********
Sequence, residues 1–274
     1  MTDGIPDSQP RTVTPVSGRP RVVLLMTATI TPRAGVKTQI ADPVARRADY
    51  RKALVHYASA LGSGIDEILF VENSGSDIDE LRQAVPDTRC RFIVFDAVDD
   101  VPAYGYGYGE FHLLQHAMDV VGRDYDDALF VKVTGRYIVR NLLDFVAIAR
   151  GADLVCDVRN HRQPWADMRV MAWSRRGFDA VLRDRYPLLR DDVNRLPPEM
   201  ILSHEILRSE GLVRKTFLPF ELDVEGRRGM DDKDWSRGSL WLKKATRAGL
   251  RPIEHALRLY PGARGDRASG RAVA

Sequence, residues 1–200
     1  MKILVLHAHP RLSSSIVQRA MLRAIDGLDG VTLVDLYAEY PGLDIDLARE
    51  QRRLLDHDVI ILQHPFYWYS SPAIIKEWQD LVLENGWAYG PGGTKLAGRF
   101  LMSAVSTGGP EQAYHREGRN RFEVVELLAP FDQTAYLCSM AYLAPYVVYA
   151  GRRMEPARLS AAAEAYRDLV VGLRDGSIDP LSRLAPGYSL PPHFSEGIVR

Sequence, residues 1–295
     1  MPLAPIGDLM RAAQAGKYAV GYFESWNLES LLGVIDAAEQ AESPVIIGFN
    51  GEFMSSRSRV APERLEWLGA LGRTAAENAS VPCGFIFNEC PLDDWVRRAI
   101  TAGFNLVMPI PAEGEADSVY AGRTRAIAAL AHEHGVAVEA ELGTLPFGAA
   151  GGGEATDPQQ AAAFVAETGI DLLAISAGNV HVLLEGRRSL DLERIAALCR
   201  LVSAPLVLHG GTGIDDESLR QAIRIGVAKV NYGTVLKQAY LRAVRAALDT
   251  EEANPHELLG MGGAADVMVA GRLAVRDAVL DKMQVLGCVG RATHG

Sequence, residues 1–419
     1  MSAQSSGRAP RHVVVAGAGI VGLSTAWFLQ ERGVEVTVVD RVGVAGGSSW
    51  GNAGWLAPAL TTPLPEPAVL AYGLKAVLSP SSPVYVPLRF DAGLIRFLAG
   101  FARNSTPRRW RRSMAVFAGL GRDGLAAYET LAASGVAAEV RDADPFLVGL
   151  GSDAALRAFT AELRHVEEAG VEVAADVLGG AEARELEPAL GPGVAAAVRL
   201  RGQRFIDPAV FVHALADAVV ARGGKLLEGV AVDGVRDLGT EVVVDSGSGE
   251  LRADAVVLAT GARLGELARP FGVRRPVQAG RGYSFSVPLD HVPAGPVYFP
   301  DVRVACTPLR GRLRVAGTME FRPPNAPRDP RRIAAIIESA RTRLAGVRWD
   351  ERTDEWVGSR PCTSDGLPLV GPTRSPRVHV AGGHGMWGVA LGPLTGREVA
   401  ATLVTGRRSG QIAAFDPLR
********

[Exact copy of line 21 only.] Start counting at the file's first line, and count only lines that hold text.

     1  MSAQSSGRAP RHVVVAGAGI VGLSTAWFLQ ERGVEVTVVD RVGVAGGSSW